TWINFALLS -- Chicken nuggets and Chobani yogurt, a common factor might soon put those two in the same category when it comes to school lunches. We're talking about protein and a goal by the Chobani company with a Twin Falls plant to get their product into schools everywhere.

Already the U.S. Department of Agriculture is entertaining the idea of getting Greek yogurt onto school lunch menus, and with the Twin Falls Chobani plant already making products geared at kids, they say Idaho's a great fit for a place to give it a try.

The Twin Falls Chobani plant is the largest yogurt factory in the world and Sen. Mike Crapo hopes yogurt from his state will soon be something kids grow up on by making it a school lunch option.

He's been pushing the idea with a senator from New York.

Some time ago, Sen. Schumer and I encouraged the USDA to look at creating a special category for Greek yogurt because they don't have a category for that right now, Crapo said.

First, there will be a pilot program for the USDA to see if it's cost effective to add Greek yogurt to the choices schools have for protein options.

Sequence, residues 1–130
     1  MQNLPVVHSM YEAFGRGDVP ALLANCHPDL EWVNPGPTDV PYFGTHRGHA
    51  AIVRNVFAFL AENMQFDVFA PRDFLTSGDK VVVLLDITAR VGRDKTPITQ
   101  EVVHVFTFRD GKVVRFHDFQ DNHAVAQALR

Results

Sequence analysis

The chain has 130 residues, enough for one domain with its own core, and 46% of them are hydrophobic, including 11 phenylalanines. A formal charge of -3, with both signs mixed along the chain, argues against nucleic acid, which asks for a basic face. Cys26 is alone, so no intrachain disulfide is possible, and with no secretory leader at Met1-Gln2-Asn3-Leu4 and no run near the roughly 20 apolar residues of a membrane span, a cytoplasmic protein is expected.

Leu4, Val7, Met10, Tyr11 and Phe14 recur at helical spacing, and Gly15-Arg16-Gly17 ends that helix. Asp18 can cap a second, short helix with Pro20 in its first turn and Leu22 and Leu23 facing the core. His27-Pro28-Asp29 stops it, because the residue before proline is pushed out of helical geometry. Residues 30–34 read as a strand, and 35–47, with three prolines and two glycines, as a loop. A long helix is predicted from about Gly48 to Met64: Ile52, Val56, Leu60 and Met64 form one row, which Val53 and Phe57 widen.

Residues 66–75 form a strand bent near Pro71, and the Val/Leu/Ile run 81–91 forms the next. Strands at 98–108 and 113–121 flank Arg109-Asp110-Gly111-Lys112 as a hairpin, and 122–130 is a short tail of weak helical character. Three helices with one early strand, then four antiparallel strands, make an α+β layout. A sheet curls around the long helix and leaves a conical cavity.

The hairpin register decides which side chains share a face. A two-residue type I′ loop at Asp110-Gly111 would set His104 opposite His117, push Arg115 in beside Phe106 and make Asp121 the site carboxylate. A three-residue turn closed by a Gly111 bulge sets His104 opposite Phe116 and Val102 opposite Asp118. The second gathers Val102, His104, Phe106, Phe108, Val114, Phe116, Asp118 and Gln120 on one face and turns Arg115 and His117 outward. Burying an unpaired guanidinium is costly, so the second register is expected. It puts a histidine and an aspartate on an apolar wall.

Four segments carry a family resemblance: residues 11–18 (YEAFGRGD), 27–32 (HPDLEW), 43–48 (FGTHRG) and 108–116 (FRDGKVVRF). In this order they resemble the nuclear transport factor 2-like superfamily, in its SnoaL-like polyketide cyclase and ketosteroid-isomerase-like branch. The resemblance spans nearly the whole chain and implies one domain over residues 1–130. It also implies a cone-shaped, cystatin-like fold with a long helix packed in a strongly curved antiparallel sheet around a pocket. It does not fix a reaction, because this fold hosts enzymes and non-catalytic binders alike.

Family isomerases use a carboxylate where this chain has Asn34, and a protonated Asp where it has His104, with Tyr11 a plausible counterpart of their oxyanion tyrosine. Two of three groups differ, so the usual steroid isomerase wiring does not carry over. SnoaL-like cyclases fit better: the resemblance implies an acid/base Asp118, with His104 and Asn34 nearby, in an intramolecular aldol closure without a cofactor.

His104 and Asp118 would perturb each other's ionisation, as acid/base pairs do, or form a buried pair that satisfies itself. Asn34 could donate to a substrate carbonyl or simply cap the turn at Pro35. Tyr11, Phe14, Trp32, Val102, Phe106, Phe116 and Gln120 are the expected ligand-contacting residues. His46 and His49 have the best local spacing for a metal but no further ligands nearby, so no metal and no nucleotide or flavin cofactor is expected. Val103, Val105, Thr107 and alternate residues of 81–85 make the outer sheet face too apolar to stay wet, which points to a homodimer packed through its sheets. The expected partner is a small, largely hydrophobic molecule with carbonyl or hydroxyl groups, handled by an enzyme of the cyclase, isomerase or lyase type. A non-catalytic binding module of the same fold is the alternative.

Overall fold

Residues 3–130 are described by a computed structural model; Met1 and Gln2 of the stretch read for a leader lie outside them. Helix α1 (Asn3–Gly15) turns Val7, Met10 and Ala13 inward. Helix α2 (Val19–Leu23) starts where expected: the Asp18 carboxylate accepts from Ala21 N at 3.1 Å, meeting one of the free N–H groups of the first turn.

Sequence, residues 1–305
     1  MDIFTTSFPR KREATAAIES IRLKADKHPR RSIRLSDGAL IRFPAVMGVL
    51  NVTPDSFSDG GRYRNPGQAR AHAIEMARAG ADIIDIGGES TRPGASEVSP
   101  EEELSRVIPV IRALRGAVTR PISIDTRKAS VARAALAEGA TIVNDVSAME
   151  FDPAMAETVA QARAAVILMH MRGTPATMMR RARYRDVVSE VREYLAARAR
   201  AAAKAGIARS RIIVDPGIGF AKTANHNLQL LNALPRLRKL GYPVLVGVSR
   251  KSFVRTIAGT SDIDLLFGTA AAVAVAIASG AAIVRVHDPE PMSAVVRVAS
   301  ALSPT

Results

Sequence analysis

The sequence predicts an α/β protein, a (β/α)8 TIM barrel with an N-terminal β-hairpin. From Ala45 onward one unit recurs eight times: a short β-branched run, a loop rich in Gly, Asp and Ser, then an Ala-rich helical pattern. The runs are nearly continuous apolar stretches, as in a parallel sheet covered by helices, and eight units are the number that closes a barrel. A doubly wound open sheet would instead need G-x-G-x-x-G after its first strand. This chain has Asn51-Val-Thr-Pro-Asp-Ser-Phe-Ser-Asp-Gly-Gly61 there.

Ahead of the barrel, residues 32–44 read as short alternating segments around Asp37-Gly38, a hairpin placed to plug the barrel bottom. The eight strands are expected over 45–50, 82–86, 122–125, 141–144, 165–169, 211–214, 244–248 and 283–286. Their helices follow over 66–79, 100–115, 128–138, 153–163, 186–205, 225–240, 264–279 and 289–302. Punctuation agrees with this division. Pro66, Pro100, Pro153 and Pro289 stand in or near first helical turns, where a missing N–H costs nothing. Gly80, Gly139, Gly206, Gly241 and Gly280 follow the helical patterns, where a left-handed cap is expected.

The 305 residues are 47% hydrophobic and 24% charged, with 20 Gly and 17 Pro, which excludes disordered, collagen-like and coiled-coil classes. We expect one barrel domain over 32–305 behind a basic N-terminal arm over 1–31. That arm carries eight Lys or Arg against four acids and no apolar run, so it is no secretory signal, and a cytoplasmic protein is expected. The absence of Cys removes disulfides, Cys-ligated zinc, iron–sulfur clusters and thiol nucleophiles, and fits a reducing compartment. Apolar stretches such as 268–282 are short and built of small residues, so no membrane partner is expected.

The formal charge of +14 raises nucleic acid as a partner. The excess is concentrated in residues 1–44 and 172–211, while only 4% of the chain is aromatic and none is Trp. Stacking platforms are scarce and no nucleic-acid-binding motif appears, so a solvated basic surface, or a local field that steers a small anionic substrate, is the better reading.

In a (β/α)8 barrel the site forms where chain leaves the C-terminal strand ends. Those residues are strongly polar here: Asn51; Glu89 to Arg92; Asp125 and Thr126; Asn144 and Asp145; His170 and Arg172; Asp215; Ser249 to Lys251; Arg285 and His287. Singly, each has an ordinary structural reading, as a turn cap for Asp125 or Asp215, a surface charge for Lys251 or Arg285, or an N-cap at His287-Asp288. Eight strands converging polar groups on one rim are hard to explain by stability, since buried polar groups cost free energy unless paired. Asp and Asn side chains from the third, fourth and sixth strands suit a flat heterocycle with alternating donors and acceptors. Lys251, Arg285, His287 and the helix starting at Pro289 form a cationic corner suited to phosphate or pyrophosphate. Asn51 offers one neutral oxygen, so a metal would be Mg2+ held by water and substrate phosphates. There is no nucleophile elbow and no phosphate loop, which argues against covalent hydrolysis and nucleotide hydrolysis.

Ultimately I think that can go nationwide as Greek yogurt becomes a staple part of the school nutrition program, Crapo said.

We know with the higher protein content it'll be better for the kids, and we actually think it'll be very cost competitive as well, Chobani CFO Jim McConeghy said.

Chobani plans to use its kid-friendly and targeted products to get into schools, and expand the market, and possibly grow the Idaho factory and economy.

Anything that we can do to increase the consumption of Greek yogurt would have a big impact on this plant, said McConeghy. This plant is a significant portion of our production capability, and if we can expand the market, that will certainly benefit Twin Falls.

Our dairy producers will be some of the major producers of the dairy products that will be used then to make the Chobani yogurt that could then move into the entire USDA program, Crapo said.

The pilot program to get Greek yogurt into schools will be in four states. Crapo hopes Idaho and New York will be picked. He says a pilot program would likely start in the fall and last a year.

If Greek yogurt is added to school lunch menu options, schools would still be deciding on a local level if they want to use it. It doesn't create any requirements to serve it.

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